Ok I am not actually swearing, nor are those substitute words, rather % and _ are two characters that until hotfix rollup package (build 4.0.3594.2) could be used to perform some much needed and cool searches for sets, search scopes, groups and 3rd party client queries against FIM. Such as querying for the presence of string attributes.
I am sure what happened is that someone created a resource with an underscore in the name and then couldn’t search for it. So the fix. However it wasn’t broken. We need this functionality. Furthermore, simply enclosing the wildcard character in  would cause it to be evaluated as a literal.
The secret, as I previously blogged, is that FIM takes what you type in (on some searches) and passes it as the right hand parameter of the T-SQL LIKE operator. Ergo, whatever wildcards you can do with LIKE you can do here. Was this a form of SQL injection? Perhaps, but I tested it for other kinds of SQL injection, such as adding a single quote and other commands, and those don’t work. So it wasn’t a vulnerability, but a feature. Undocumented? Sure, but needed.
You can use the wildcard pattern matching characters as literal characters. To use a wildcard character as a literal character, enclose the wildcard character in brackets. The following table shows several examples of using the LIKE keyword and the [ ] wildcard characters
The problem with this hotfix is that it destroys our ability to build sets and queries that test for presence of values in string attributes. This will break many of the implementations of FIM that I and my team have done. We need a mechanism for detecting nulls in the attributes in the FIM Service database so that we can create sets based on the presence or absence of attributes.
Some might say that we can use DRE’s to accomplish this too, but the calculation of sets of objects that have DRE is non-trivial requiring the creation of an Outbound Sync Rule, the creation of a set of DRE objects, and then another set of objects whose DRL has members in the first set. But worst of all this only applies to attributes in the connector space and their matching attribute in the Metaverse and requires a few syncs and I cannot apply this approach to attributes that exist only in the FIM Service, but not in the Metaverse.
Another alternative would be to create an IsPresent function in the XPath queries, but please ensure that it works on all attribute types.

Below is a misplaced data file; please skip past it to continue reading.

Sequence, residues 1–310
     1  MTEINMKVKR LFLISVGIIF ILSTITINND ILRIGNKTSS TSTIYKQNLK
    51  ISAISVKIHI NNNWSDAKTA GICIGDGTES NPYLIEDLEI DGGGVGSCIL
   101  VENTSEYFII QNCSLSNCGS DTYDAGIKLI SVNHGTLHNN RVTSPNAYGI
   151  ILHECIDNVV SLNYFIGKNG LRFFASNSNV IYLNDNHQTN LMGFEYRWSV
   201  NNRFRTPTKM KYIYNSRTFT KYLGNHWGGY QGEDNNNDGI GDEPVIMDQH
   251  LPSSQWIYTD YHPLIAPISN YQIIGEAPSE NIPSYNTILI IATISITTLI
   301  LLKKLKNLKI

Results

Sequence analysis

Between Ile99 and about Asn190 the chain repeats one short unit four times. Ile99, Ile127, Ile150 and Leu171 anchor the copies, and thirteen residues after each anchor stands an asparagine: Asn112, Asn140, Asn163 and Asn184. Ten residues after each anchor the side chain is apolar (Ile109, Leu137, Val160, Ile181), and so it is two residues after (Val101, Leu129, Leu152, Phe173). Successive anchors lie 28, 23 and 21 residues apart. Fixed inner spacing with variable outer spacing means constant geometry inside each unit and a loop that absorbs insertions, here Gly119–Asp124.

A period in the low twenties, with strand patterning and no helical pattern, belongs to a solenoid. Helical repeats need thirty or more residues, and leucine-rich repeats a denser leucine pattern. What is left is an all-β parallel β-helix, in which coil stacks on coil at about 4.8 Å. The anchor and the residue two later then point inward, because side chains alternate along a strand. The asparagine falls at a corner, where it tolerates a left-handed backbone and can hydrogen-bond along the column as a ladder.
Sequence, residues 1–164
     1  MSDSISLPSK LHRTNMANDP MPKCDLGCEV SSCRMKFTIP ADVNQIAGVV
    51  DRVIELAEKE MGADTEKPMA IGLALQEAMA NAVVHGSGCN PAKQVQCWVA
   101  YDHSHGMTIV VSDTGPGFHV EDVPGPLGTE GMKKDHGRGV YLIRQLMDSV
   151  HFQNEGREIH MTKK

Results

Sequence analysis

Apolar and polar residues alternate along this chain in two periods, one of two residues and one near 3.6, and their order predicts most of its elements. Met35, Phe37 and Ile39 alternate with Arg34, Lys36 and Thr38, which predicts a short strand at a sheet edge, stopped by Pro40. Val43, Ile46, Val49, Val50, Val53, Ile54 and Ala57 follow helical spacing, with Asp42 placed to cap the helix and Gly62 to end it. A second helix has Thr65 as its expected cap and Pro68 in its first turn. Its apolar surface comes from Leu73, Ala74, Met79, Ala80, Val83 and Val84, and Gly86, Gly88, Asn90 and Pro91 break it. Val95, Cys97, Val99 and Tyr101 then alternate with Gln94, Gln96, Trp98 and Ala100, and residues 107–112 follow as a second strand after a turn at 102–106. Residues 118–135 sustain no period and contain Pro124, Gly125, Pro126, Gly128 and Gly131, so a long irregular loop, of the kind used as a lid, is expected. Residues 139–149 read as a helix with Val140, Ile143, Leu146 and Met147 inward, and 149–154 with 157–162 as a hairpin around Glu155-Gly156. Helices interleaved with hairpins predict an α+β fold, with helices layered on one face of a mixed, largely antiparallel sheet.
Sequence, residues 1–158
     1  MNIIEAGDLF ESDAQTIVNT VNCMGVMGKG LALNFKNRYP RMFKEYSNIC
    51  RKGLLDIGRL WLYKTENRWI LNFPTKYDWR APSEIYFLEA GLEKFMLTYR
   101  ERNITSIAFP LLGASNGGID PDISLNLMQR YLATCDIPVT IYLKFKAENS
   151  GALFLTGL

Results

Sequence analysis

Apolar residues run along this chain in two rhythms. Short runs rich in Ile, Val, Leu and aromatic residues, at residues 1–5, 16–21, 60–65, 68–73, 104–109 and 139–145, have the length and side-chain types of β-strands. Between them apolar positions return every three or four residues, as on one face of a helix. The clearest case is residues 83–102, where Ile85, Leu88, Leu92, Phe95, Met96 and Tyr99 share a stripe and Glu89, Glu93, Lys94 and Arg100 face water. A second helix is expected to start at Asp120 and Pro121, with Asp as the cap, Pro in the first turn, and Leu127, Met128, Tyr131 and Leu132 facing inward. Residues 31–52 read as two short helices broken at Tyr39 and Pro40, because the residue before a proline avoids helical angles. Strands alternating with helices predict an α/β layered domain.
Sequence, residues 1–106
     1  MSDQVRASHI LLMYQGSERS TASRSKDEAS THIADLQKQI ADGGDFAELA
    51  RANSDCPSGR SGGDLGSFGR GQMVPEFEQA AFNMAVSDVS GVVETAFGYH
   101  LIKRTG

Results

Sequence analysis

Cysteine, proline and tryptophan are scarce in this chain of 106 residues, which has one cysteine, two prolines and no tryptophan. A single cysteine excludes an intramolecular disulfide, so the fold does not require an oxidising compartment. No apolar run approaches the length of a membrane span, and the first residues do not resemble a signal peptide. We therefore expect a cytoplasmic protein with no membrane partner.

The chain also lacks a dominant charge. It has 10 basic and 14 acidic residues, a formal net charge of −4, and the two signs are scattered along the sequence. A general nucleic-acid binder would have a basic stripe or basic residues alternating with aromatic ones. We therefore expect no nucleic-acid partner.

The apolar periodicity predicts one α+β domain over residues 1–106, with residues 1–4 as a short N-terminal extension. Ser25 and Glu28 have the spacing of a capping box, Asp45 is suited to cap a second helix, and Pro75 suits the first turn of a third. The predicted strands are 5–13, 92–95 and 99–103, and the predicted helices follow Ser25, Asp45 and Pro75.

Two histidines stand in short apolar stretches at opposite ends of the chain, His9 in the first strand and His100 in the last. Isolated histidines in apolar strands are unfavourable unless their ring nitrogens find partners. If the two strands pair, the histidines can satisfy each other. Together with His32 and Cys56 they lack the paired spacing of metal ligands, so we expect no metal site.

Preference of fixes (in decreasing order of desirability):
1) We can still use the wildcards in the queries, but have a way to escape them and get an IsPresent function, in other words roll back this portion of the fix and teach/document how to have the wildcards treated as literals.
2) If we can’t do that then I would prefer to see an IsPresent function in the XPath
3) If we can’t do that still use the wildcards in the queries, but have a way to escape them
Official text from hotfix rollup package (build 4.0.3594.2):
Issue 2Revised the FIM "Query and Sets" features to correctly treat percent signs, underscores, and opening brackets as literals instead of as SQL wildcard characters.
The approved character sets for strings that are used in FIM attribute values are defined in the attribute and binding schema in the FIM service. The syntax for representing an XPath filter is documented on MSDN in the following "FIM XPath Filter Dialect" article:
http://msdn.microsoft.com/en-us/library/ee652287.aspx ( http://msdn.microsoft.com/en-us/library/ee652287.aspx)
Some customers may have included characters that SQL defines as query wildcard characters, such as the percent character, in FIM searches and Set filters. In this case, the customers intended FIM to treat the characters as SQL wildcard characters. This is not a documented or supported feature of the product. In some cases, customers may be able to achieve the intended functionality by removing the wildcard and by using a “contains” query/filter instead.
Existing Set resources that have filters that contain SQL wildcard characters may not continue to function as the filters functioned before this hotfix was applied. Also, a filter that contains wildcard characters and that continued to function as expected after the hotfix was applied may function differently if the administrator later updates the filter definition.
Customers who used characters that SQL defined as query wildcard characters must check and revise their Set filters either before or after they upgrade to this hotfix. Customers should consider the impact of Set membership changes on Set transition MPRs. And, customers may want to temporarily disable MPRs or update workflow definitions while they change their Set filters to avoid unintentionally triggering provisioning or deprovisioning operations during Set definition maintenance.